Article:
Link to digitised example: https://www.bl.uk/collection-items/beatus-world-map

Further reading: Peter Barber, 'Medieval world maps; in Paul Harvey, The Hereford World Map: medieval world maps and their contexts (London: British LIbrary, 2006).

David Woodward, 'Medieval Mappamundi' in The History of Cartography volume one (Chicago: CHicago University Press, 1987).

 

2. The Contarini-Rosselli world map. Engraving, published in Florence in 1506 (Maps C.2.cc.4).

Blog maps c.2.cc.4

This is the earliest surviving printed map to show any part of the Americas. It was published in Florence in 1506, only a decade or so after Christopher Columbus's first voyage in 1492. The map, which is by the Venetian Giovanni Matteo Contarini and Florentine Francesco Rosselli, has been celebrated for its American content ever since this only known copy was purchased by the British Museum in 1922. But it is an extremely early and partial glimpse of eastern America: Newfoundland and Labrador are shown cemented on to Kamchatka, Cuba and Hispaniola are floating next to Japan, and South America is joined to the vast Southern Continent.

Link to digital copy: https://www.bl.uk/collection-items/first-known-printed-world-map-showing-america

Further reading: Patrick Gautier Dalché, 'The Reception of Ptolemy’s Geography (End of the Fourteenth to Beginning of the Sixteenth Century)' in The history of cartography volume three: cartography in the European Renaissance part one (Chicago: Chicago University Press, 2010).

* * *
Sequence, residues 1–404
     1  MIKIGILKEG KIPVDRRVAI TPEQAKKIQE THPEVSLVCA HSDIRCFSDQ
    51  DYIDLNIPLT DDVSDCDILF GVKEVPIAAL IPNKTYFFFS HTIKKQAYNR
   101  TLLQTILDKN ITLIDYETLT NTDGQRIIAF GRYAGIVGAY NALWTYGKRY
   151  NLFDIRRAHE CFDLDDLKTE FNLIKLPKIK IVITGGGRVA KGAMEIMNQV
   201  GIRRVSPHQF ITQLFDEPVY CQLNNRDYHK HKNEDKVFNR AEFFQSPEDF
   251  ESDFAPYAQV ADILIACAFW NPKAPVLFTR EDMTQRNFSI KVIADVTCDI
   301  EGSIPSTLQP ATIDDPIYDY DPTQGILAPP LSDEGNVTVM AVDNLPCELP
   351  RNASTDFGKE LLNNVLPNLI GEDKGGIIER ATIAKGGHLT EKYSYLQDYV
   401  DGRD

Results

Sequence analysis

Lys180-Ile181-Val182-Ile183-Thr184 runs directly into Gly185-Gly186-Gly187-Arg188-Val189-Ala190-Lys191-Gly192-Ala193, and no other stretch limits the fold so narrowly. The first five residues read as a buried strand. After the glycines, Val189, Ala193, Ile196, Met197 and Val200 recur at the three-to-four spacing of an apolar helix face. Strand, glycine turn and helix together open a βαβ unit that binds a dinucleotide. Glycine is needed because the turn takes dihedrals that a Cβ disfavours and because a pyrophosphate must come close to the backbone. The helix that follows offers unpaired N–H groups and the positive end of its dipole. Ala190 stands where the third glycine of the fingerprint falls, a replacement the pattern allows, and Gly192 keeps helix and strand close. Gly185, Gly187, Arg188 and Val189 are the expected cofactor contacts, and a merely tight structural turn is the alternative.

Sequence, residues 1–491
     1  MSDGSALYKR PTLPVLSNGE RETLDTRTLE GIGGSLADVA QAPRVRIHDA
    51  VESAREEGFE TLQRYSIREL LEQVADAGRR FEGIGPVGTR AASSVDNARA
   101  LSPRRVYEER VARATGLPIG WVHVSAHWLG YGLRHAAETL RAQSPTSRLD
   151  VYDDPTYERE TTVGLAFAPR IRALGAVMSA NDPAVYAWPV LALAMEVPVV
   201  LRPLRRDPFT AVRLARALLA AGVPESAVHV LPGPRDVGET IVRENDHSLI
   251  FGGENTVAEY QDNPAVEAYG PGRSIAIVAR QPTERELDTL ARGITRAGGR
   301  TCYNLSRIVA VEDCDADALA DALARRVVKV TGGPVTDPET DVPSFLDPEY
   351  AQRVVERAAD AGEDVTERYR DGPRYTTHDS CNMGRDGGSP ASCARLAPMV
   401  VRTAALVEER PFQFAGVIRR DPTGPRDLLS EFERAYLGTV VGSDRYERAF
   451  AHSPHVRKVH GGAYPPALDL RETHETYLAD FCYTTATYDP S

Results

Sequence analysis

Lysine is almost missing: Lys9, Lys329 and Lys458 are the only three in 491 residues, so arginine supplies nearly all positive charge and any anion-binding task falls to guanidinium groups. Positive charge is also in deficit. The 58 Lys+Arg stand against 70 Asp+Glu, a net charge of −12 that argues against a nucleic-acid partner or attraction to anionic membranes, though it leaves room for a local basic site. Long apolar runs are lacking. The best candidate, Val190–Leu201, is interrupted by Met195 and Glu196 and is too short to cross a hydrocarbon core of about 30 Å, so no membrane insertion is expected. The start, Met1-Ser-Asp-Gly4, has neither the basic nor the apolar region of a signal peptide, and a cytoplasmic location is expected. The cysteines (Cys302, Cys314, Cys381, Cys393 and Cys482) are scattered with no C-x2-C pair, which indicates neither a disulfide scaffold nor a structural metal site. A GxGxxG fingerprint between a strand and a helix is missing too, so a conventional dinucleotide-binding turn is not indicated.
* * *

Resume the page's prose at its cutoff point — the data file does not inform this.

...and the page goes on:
3. Aḍhāīdvīpa. Painted in Rajasthan in 1830 (Add.Or. 1814).

Add.Or 1814 blog with title

This is a map showing the structure of the world of Jainism, a religious system founded in northern India in the sixth or seventh century BCE. The map, which is in Sanskrit, was painted onto cloth in Rajasthan in 1830, and like many of the European medieval mappamundi, it illustrates a fusion of human and sacred geography. At the centre is the recognisable, terrestrial world of people (Mount Meru is at the centre, as it is in the Korean Ch’ ōnhado  maps). Surrounding it is the spiritual world: green concentric-ringed continents illustrated by lunar symbols and separated by fish-filled oceans, beyond which is the outer land of the jinas or prophets.

Link to digital copy: http://www.bl.uk/manuscripts/FullDisplay.aspx?ref=Add_Or_1814

Further reading: Joseph E. Schwartzburg, 'Cosmological mapping' in The history of cartography volume two, book one: cartography in the traditional Islamic and South Asian societies (Chicago: Chicago University Press, 1994).

 

4. Self determination world map, by F. Klimesch. Published in Berlin in around 1919 (Maps CC.5.b.29).

Blog maps CC.5.b.29

The only 20th century world map to make it into our World Map World Cup competition (not that there aren't many great 20th century world maps, just a mere 16 places to fill), is a German map produced in the wake of the peace treaties following the defeat of Germany and the end of the Great War, 1914-1918. It shows the victorious allies Britain, France, Russia and the USA as soldier figures, holding leashes attached to their respective national beasts. These beasts have been placed over the colonies they controlled.